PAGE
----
What would he say to two fishermen?

          “Do you like your job?”

          “Nice boat?”

          “How many fish did you catch today?”

These questions beg the obvious. What they were doing was their entire world. They fished like their father before them, and his father before him, and so on. There was no concept of choice in the matter. Either you fish or you starve; you and the rest of the family who depends on you. Look around the village. You don’t see any “help wanted” signs hanging out. Life was simple. There were not a lot of choices. A dream might be to someday get a bigger boat, or to have sons to carry on the family tradition. Ambition meant fishing no matter what.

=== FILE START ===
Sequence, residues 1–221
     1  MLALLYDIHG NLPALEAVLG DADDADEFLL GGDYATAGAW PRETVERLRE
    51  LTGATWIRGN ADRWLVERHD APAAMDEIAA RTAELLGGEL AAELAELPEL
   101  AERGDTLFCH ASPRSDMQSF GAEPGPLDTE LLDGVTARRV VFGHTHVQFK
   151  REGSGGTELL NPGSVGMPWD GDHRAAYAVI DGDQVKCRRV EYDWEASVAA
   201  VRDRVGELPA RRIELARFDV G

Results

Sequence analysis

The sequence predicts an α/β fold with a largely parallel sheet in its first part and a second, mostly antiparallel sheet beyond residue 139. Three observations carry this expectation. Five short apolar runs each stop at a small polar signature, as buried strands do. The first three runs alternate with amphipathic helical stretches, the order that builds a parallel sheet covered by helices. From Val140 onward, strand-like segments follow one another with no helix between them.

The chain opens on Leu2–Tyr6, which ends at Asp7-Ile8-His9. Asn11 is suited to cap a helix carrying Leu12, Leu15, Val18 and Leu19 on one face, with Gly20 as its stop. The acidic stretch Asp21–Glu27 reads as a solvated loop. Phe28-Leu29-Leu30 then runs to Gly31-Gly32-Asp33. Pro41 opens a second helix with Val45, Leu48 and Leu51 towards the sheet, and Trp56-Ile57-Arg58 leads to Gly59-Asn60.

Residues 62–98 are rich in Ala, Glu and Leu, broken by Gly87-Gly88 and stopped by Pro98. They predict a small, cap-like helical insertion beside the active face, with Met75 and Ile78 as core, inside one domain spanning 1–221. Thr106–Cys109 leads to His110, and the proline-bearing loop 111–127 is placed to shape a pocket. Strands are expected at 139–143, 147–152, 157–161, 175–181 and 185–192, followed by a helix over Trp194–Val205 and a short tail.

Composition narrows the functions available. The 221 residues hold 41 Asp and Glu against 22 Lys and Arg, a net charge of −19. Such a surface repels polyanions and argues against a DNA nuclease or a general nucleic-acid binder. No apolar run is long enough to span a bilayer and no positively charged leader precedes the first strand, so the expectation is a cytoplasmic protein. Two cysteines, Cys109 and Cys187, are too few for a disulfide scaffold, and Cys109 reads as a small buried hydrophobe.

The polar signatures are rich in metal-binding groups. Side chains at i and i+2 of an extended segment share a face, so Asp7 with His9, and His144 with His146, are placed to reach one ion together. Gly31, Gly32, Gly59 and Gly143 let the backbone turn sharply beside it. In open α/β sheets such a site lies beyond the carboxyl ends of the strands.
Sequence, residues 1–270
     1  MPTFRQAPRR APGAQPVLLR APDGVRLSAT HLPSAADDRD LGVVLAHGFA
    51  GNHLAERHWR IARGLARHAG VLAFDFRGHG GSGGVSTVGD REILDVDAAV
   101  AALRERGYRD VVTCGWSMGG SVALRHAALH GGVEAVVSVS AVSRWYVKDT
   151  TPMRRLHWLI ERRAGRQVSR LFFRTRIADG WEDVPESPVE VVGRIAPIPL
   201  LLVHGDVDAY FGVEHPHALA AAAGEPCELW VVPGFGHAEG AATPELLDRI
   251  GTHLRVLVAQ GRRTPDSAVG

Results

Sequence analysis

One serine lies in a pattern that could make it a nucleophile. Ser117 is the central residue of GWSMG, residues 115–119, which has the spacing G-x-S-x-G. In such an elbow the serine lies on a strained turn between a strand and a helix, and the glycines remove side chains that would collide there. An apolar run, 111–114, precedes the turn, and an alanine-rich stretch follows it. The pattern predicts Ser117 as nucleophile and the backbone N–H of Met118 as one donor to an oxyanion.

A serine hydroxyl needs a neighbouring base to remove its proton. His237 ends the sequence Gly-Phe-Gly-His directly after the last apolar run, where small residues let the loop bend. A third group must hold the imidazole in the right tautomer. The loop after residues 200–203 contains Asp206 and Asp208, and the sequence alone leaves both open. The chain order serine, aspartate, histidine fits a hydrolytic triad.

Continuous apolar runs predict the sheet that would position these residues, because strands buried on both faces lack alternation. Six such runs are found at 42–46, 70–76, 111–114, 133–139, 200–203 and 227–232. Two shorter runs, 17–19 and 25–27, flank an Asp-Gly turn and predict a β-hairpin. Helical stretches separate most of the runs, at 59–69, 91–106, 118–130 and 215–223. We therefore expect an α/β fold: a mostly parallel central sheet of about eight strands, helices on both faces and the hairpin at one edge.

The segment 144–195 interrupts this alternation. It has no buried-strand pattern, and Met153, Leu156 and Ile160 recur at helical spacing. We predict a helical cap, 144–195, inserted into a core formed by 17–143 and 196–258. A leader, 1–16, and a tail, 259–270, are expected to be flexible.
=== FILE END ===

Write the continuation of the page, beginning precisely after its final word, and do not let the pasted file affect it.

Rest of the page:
Jesus called out to them, “follow me, and from now on you will be fishing for people.” They left their nets and boat and followed him. What happened between the lines to make that happen? Casting out nets for people; what a strange image. What mattered most to Jesus was not how rich or successful people were, not how clever or beautiful they were, not how popular or good looking they might be. What mattered most to Jesus was that the people who followed him knew how to work; that they knew what was like to get up every day and go to a job, rain or shine.

He chose people who had the kinds of jobs that were just everyday jobs. Because maybe those people knew what it felt like to be a person that others might look at and think, “Well, he’s not important,” or “what does she matter?”